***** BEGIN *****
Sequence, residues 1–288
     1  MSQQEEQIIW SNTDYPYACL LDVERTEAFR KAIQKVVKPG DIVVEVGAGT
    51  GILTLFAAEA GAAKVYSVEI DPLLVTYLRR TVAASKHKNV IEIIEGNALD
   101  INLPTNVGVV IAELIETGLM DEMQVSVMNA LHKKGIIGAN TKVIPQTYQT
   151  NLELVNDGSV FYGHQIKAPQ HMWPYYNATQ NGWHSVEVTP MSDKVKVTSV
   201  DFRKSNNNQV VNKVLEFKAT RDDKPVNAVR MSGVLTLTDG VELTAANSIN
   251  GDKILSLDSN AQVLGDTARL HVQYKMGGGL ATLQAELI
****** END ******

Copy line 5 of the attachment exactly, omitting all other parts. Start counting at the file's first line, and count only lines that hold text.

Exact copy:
   151  NLELVNDGSV FYGHQIKAPQ HMWPYYNATQ NGWHSVEVTP MSDKVKVTSV